A Summary of "Ulysses" by James Joyce

by Leslie McClintock

"Ulysses," the seminal work of Irish author James Joyce, depicts, in exhaustive detail, events of June 16, 1904 in the lives of three fictional Dublin residents: Stephen Dedalus, a young teacher and scholar and possible alter-ego for Leopold Bloom, a Jewish man doubting his wife's fidelity with good reason, and Molly Bloom, Leopold's wife and noted Dublin opera singer, who is having an affair with Blazes Boylan.


The structure of Joyce's novel is based on Homer's "Odyssey," which tells the tale of a Greek warrior, Ulysses, and his travels as he makes his way home from the Trojan War. Homer's poem also describes the patience and fidelity of Ulysses' faithful wife, Penelope, who puts off suitors asking when she will marry again by saying she will consider marriage when she finishes weaving a tapestry. She weaves by day, and then by night unravels the previous day's work.


The novel opens with Stephen Dedalus and Leopold Bloom having breakfast with their families. Stephen then goes for a walk on the beach. Leopold displays an epicurean fondness for organ meats and strong-flavored, rich foods. He then goes to a chemist to buy soap and order cream for his wife, and visits the widow of his recently deceased friend, Paddy Dignam. Stephen leaves breakfast and goes to teach school. Meanwhile, Molly Bloom has received a letter from Blazes Boylan, her manager, who is putting together a concert for her in Dublin.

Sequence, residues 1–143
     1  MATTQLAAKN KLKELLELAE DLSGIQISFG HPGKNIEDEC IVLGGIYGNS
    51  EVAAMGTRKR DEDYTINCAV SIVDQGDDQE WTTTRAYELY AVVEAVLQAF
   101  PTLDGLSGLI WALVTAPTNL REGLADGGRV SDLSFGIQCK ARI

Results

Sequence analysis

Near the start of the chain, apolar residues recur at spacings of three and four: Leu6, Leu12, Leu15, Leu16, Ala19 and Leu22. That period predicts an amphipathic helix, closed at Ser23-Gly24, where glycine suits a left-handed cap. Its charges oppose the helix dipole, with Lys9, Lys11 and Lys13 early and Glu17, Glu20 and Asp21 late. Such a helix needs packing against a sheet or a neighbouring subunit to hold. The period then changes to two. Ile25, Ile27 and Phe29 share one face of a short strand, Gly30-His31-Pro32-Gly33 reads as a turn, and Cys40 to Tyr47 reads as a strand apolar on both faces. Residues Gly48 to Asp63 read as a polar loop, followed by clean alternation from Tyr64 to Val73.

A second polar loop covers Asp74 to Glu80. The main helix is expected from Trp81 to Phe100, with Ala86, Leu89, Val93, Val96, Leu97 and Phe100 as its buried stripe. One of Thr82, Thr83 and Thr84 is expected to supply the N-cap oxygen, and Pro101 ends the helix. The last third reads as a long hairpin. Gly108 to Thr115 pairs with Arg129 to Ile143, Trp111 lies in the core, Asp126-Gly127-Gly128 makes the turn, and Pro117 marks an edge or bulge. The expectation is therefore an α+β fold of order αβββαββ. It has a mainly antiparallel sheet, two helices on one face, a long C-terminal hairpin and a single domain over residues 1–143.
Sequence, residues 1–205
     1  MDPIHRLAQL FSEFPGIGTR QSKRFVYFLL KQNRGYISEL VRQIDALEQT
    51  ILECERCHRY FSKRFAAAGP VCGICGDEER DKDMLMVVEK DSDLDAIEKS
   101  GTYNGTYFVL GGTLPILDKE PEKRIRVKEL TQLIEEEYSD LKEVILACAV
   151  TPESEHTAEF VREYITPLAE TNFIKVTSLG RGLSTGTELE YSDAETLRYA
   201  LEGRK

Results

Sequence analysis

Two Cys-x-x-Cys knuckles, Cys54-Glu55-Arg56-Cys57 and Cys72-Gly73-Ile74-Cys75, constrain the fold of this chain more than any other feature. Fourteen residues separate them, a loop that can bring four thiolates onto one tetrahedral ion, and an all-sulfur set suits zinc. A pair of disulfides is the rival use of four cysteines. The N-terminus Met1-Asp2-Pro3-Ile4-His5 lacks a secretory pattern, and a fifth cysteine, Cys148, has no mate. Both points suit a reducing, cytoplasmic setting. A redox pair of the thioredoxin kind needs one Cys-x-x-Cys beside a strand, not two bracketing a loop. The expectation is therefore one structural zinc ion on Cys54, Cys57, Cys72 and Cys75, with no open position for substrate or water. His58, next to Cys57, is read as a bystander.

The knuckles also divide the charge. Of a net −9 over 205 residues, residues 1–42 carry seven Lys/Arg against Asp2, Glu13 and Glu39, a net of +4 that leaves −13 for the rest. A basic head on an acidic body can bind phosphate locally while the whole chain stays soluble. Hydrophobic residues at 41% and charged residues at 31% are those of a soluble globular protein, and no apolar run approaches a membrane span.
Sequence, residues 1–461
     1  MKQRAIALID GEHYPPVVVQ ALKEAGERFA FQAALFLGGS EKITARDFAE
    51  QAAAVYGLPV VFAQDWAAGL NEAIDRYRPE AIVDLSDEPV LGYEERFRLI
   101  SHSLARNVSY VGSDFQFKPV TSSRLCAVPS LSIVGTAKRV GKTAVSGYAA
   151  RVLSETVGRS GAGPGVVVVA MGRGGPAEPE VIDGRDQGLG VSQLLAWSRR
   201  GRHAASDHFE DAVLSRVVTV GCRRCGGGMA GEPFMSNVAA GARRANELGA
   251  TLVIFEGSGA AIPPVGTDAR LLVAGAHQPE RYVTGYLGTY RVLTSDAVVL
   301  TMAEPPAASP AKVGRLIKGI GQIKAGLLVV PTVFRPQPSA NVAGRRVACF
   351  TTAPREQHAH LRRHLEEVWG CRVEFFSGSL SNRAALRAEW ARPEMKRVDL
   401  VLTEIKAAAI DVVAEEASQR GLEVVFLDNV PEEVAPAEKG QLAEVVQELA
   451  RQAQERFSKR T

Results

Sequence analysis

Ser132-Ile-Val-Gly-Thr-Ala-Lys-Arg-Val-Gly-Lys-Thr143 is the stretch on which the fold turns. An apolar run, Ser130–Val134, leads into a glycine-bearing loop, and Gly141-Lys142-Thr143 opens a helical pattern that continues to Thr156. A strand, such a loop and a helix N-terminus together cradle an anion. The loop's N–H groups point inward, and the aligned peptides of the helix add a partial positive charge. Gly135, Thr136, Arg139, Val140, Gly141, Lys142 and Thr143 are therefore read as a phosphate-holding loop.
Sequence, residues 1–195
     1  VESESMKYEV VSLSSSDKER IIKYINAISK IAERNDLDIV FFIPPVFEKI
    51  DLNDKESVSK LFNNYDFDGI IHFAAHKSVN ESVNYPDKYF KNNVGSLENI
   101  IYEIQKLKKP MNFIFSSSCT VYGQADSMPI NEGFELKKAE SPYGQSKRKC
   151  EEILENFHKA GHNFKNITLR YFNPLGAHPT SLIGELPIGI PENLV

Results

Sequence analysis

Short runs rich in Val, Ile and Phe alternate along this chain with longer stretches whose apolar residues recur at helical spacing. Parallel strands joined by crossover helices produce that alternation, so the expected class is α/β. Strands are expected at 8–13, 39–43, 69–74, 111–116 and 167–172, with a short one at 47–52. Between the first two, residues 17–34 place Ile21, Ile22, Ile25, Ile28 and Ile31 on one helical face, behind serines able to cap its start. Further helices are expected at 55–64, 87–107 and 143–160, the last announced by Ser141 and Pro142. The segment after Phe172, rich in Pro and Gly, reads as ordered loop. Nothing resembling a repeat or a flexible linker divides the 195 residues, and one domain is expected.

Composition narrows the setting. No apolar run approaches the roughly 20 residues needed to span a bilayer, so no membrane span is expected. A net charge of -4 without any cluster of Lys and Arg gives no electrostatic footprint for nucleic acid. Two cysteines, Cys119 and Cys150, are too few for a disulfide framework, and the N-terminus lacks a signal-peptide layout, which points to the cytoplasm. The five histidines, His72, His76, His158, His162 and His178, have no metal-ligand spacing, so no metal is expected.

Leo Bloom goes to have lunch at a local pub, where he dines on burgundy wine and a gorgonzola cheese sandwich, and goes to the Turkish baths. Bloom and other friends go to Paddy Dignam's funeral. Leo sees the grave of Charles Parnell, the Irish hero, and wanders the cemetary reflecting on mortality. This chapter is called "Hades," after the Greek underworld and a corresponding section in "The Odyssey."


Stephen Dedalus is in the library teaching Shakespeare and Hamlet. Leo Bloom has just ducked into the library to avoid running into Blazes Boylan. Bloom looks through a newspaper for ideas about an advertisement. Bloom later goes into the Ormond Hotel restaurant for something to eat, and thinks about his wife's infidelity with Boylan. Bloom goes to a nearby pub and gets into an argument over Ireland and his Jewishness, and is kicked out of the pub.


Stephen and Bloom finish their evening at a Dublin brothel, where a heavily inebriated Stephen accidentally breaks a lamp. Stephen pays the madame for the damage to the lamp, and assists Stephen out. Stephen gets into an argument with a British police officer, and gets beat up in the street.


The novel closes with a stream-of-consciousness from Molly Bloom, who is going to bed, and drifting off to sleep. Molly lies in bed thinking reminiscing about her sexual experiences and fantasizing about sex with Boylan. However, as she finally approaches sleep at the end of the day, her final thoughts are about her husband and how they met in Spain and Gibraltar and their early times together and how she would wear flowers in her hair like the Andalusian girls. Molly's very last thoughts, at the very end of the day, are for her dear husband, Leopold, and the words "yes I said yes I will Yes."


  • "Ulysses": James Joyce; 1916